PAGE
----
Zelenskiy in Izyum as counteroffensive pushes on
Ukrainian President Volodymyr Zelenskiy visited Izyum, the biggest city recaptured last week during a counteroffensive in the country’s northeast that marked Kyiv’s most significant battlefield victory in months.
Ursula von der Leyen, the head of the European Union’s executive, pledged in her annual state of the union address to work to guarantee “seamless” access for Ukraine to the bloc’s massive single market to help its economy recover from the war.
The US is preparing another package of aid to Ukraine, according to John Kirby, spokesman for the National Security Council, who cited a “shift in momentum” in the war after the government in Kyiv said it recaptured more than 2,300 square miles of occupied territory.
Ukraine was consolidating control over retaken territory, Zelenskiy said, following a push that shifted momentum in Kyiv’s favour. Fighting continued in the south, the Ukrainian military said. Russia again targeted civilian infrastructure, according to Ukraine’s General Staff, while local authorities said the cities of Mykolaiv and Nikopol were shelled overnight.
Ukraine’s military destroyed several ammunition depots and is targeting Russian troops with artillery fire, military spokeswoman Nataliya Humeniuk told a briefing Wednesday. The Russian navy has also increased the number of missile carriers in the Black Sea to five with the total number of Kalibr type cruise missiles to 36.
Russia’s financial sector suffered hundreds of billions of dollars in “direct losses” from the sweeping sanctions imposed by the US and its allies over the invasion of Ukraine, according to an internal Finance Ministry document.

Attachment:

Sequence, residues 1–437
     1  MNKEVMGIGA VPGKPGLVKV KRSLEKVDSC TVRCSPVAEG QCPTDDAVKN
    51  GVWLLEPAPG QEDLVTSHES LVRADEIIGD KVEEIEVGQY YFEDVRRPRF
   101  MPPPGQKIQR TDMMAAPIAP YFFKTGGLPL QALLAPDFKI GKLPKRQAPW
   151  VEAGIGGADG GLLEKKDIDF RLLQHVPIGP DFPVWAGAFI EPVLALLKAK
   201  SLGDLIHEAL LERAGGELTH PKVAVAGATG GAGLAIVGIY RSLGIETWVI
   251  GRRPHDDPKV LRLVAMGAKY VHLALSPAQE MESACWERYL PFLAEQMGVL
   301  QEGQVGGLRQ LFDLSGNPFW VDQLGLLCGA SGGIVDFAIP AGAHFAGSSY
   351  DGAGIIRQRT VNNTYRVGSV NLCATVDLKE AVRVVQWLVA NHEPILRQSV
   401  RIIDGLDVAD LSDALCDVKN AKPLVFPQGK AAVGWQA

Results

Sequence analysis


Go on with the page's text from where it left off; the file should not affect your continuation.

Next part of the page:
The estimate, which includes significant hits to the stock market, bank capital as well as $300 billion in foreign-exchange reserves frozen by the restrictions, was included in a presentation for a top-level meeting of officials on responding to sanctions held last month. The Finance Ministry declined to comment.
Different approaches to Russia sanction rules taken by Europe’s major clearing houses means some international investors are now stuck with billions of dollars worth of ruble bonds while others are free to unwind.
Bondholders using Luxembourg-based Clearstream as their depository can’t settle ruble-denominated government bond trades, according to people with direct knowledge of the matter who spoke on condition of anonymity.
Investors estimate that Clearstream has more than $10 billion of sovereign ruble bonds under custody, they said. The other large depositary service provider Euroclear allows for settlement of ruble bonds already in the system, free of payment, the people said.
Ukraine expects to continue exporting electricity to European countries over the winter season despite the conflict and the idling of the Zaporizhzhia nuclear power plant, according to Volodymyr Kudrytskyi, chief executive of state-run power company Ukrenergo.